win disasters of a 9.0-magnitude earthquake and killer tsunami would tax even the strongest government. Add in the possibility of a total nuclear meltdown, and you've got the recipe for a leadership crisis that Japanese Prime Minister Naoto Kan is now facing. Kan's administration — widely seen as weak even before the quake — is facing broad criticism over everything from the speed and honesty of its updates on the nuclear situation to its evacuation plans. Is Japan's government falling down on the job?
Japan's leaders are flailing badly: "Never has postwar Japan needed strong, assertive leadership more," say Hiroko Tabuchi, Ken Belson, and Norimitsu Onishi in The New York Times, and never have the shortcomings of its "weak, rudderless" government been so apparent. Not that it's all Kan's fault. Japan's leaders aren't trained in skills like "rallying the public," or finding outside-the-box solutions on the fly, that a "bewildering" crisis like this calls for.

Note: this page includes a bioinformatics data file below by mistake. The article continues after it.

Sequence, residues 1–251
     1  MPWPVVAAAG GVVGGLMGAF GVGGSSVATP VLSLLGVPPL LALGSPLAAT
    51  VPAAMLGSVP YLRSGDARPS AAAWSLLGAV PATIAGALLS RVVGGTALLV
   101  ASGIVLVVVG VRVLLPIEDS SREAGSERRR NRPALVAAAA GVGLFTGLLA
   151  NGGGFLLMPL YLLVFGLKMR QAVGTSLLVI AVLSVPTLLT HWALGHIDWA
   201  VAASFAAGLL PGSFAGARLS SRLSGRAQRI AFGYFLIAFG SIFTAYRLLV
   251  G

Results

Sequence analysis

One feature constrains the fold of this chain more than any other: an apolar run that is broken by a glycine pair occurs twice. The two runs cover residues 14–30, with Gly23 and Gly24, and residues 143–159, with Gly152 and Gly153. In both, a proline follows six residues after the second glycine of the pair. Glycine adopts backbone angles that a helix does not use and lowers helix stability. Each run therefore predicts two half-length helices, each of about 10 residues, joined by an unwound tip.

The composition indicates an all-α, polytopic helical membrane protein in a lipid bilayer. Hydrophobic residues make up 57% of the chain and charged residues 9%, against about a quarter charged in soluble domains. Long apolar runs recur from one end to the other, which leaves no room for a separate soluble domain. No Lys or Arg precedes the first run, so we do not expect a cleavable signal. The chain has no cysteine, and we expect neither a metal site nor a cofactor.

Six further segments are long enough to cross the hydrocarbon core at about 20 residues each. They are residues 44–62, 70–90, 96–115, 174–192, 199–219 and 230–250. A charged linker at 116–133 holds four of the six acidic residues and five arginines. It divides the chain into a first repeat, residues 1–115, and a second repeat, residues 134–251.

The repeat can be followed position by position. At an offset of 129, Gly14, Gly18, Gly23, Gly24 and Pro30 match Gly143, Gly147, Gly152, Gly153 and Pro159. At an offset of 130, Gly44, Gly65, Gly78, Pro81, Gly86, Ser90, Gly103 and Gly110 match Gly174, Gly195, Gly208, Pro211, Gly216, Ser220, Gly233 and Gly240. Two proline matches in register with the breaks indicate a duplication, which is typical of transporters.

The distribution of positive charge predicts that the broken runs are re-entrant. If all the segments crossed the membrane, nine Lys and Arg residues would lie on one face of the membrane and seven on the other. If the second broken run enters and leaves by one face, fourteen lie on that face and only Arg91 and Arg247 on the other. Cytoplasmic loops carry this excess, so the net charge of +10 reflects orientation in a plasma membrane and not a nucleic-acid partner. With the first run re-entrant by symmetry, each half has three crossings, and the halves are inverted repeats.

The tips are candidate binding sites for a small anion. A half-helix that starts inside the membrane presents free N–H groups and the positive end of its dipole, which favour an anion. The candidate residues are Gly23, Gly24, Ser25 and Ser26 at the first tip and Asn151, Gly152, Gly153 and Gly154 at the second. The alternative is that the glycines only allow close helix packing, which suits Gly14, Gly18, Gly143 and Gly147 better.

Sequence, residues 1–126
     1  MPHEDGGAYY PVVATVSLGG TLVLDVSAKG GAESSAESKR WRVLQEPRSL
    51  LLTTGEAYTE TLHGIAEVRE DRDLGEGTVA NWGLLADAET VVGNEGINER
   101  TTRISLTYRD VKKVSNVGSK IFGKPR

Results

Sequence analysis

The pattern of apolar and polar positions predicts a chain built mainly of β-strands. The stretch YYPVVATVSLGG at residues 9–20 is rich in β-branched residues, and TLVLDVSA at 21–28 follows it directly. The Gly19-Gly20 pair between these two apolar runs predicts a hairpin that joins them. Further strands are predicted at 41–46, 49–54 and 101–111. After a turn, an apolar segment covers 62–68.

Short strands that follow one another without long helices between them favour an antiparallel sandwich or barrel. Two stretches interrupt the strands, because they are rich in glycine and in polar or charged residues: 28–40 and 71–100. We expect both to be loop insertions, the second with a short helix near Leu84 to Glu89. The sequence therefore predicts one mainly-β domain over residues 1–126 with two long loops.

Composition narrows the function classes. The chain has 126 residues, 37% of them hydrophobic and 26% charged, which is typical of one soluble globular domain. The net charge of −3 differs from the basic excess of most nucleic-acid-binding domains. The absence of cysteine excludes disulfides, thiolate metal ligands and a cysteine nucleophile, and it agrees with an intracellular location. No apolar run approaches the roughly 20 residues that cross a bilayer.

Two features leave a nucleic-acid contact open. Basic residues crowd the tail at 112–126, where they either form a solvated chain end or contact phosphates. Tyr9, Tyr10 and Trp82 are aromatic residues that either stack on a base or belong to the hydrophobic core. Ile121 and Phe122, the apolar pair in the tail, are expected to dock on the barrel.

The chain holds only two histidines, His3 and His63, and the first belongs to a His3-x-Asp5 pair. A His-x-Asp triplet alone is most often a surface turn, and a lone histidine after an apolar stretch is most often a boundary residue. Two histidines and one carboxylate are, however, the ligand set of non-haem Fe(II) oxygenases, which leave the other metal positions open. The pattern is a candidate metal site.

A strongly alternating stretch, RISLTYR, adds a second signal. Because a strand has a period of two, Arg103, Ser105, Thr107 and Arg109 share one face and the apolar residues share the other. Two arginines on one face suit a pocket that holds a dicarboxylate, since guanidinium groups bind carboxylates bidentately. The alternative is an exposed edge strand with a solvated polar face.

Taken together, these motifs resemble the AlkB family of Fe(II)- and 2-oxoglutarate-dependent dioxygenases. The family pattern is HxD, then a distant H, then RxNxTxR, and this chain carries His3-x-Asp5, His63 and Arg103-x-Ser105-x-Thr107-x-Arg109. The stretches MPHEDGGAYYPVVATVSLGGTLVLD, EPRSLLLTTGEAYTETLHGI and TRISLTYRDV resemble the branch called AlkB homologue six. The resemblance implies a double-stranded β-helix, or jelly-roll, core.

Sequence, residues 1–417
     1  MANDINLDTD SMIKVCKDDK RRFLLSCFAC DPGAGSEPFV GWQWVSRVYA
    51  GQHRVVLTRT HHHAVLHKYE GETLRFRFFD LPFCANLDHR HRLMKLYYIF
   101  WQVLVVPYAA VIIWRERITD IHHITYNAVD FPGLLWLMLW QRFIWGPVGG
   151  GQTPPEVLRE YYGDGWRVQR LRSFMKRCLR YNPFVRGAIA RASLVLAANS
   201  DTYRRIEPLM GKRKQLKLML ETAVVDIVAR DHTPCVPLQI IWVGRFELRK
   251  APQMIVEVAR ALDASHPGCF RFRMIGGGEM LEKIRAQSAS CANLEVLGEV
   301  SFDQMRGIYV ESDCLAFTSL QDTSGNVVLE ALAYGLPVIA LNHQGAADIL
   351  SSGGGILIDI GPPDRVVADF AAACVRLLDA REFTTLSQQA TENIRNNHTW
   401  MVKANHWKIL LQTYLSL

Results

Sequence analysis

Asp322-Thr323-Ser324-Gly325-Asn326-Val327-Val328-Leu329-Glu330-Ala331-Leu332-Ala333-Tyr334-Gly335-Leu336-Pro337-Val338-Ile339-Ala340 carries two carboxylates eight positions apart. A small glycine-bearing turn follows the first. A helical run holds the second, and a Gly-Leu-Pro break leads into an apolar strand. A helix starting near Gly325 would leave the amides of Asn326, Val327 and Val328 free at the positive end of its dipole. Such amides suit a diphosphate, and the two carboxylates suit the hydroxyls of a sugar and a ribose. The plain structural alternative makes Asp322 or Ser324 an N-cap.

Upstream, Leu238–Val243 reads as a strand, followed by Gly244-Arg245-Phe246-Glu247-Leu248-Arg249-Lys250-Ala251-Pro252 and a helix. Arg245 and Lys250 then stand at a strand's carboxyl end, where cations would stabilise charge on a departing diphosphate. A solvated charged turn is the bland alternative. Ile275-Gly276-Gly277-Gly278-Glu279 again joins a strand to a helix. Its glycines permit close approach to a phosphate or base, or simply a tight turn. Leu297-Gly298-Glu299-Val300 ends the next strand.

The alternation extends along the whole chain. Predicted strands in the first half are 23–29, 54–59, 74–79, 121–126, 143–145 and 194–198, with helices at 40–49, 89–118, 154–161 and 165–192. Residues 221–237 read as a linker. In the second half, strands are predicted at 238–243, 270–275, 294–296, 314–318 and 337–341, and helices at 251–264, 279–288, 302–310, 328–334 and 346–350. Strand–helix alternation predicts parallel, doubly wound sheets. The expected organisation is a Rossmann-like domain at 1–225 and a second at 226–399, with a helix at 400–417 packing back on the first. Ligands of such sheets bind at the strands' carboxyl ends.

"Dearth of candor from Japan's leadership"
What else is the government supposed to do? Japan's public and press, and even local officials, are savaging Kan over the nuclear disaster, says Linda Sieg at Reuters. But outside analysts say his government is "doing the best it could do in a difficult and rapidly changing situation." Still, the breakdown in public trust, whether warranted or not, is a problem that "could fuel panic and chaos" in itself.
"Japan government losing public trust as nuclear crisis worsens"
This disaster could revitalize Japan's governance: So far, even we Japanese are surprised by our "calmness and moral behavior," says Hiroki Azuma in The New York Times. And while the media is "relentlessly questioning" Kan's handling of the nuclear meltdown, there are strong "voices of support," too. If anything, these disasters have made us more unified, engaged, and "proud to be Japanese" than at any time since World War II. I hope our next government will reflect that.
"For a change, proud to be Japanese"
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